Friday, August 31, 2007

Outlaw by Lisa Jackson

Title: Outlaw
Author: Lisa Jackson
ISBN: 1416517235
Publisher: Simon & Schuster Adult Publishing Group/1995
Pages: 359
*Update: St in Wales in 1295-97

"Outlaw" is a stirring historical romance that absorbing with its evocative prose, and has an eternal feel to it.

Wolf is an outlaw. Years earlier, his future was brutally stolen from him as the woman he loved was raped and she killed herself. He vows never to love again and to achieve his revenge at any cost. He plans that for very long. When his enemy, Holt marries he puts his plan into motion. He kidnaps the lovely Megan of Dwyrain after the wedding is conducted while the feast is going on.

On the other hand, Megan wants nothing to do with her marriage to Holt. Her life has been a tragedy since her run in with a sorcerer's prediction. Sadly her wedding day arrives and she is wed to a man she detests. Unknown to her she is about to be captured in more ways then one. She tries to hate Wolf for what he is done but she cannot deny the attraction that burns between them. Wolf is too honourable for an outlaw. Megan is married but she is falling in love with her captor.

Megan and Wolf are strong and complex characters and their relationship is not an easy one. The chemistry between them is very sizzling so the reader will feel truly connected. This is written in such way that is neither trite nor predictable. It has twists and turns which give the romance a life.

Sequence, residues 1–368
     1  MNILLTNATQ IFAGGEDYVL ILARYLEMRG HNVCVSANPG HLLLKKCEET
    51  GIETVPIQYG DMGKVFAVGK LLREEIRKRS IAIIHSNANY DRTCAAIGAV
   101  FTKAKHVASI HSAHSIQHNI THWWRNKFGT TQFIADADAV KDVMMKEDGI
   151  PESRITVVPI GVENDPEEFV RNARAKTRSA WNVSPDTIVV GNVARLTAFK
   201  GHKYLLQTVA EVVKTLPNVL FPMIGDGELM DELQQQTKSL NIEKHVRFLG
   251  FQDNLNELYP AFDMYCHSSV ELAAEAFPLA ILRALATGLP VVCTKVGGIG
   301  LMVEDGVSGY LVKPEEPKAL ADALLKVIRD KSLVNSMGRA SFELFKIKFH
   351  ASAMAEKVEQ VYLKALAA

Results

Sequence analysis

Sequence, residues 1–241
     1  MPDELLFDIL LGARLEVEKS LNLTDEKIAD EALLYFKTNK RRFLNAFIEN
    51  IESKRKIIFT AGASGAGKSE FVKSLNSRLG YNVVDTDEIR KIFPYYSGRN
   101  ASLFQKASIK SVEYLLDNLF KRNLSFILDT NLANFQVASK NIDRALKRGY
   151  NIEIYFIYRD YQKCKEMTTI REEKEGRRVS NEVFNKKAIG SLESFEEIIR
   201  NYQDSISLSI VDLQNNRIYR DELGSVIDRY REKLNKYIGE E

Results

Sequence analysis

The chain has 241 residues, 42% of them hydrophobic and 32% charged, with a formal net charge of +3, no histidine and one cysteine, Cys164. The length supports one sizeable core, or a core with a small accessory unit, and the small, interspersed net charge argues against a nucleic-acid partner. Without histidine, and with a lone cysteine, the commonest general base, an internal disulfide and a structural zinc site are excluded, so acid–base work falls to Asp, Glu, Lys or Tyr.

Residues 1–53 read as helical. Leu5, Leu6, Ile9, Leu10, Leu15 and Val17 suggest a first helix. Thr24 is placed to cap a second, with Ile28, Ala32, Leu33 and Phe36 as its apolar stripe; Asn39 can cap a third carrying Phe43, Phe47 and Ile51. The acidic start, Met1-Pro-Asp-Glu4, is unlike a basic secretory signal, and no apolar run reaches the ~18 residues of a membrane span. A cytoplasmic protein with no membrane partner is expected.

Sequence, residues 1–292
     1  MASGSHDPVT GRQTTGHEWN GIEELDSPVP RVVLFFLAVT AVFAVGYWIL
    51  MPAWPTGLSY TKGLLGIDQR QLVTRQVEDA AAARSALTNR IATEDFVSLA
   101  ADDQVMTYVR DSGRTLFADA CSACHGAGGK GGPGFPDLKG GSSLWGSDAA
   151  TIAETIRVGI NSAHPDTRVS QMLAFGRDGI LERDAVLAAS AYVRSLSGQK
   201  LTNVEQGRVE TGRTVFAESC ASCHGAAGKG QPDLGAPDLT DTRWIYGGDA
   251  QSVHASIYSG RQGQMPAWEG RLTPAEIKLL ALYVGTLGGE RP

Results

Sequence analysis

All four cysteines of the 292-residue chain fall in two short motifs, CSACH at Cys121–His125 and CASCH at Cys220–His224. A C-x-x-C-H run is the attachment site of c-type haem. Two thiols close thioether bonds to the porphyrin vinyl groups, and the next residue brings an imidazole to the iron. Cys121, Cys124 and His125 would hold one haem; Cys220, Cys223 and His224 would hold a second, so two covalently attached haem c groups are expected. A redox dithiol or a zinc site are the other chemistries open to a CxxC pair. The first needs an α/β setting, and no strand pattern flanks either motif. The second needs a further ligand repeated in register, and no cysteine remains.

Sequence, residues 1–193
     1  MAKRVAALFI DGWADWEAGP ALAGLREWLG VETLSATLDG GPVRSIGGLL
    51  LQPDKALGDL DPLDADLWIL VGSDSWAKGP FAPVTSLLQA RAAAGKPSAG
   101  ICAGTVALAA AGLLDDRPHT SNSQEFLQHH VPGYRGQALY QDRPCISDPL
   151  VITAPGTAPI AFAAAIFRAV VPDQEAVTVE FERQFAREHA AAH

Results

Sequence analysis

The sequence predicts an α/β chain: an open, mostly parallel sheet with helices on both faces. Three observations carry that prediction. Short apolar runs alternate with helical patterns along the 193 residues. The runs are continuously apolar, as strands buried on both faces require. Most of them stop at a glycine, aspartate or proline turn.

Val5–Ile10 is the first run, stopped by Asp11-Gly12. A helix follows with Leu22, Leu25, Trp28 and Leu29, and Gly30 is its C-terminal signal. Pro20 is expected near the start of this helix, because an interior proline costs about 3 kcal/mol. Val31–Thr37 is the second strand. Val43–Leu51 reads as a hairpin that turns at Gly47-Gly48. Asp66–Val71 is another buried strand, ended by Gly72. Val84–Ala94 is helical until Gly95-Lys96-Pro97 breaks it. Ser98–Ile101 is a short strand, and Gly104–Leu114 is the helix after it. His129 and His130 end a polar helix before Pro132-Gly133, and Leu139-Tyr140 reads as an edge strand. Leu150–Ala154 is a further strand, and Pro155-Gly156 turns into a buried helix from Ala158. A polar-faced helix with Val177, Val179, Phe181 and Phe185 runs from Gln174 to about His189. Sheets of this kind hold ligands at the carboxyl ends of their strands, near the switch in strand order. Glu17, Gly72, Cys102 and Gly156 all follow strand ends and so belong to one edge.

This novel shows that a woman who is considered weak can grow in strength to save the one she loves and for what she thinks is right. Holt is portrayed as evil. Father Timothy, who had supported him, finally realises his folly and helps Cayley, Megan’s sister, to escape. There are a few gang members of Wolf’s who are very brave and valiant and are ever ready to lay their lives rather than betray their leader.

Not bad for an occasional romantic read! One of my in between reads!

Thursday, August 30, 2007

Frankenstein by Mary Shelly

Title: Frankenstein
Author: Mary Shelly
1967/ Bantam paperback
206 pages

Set in 19th century Europe, the book tells the story of Victor Frankenstein, a young and upcoming scientist with great proficiency in the life sciences and a gifted engineer. Whilst his colleagues spend time enjoying the social life of Europe, Victor devours books and speculates on life itself. Soon he begins secret experimentations on life, and concludes that it is nothing more than organic material energized by electricity. He follows this by creating life, in the form of a human made from spare parts that he obtains from grave robbers. The moment he brings his creation to life, both freak out and are separated.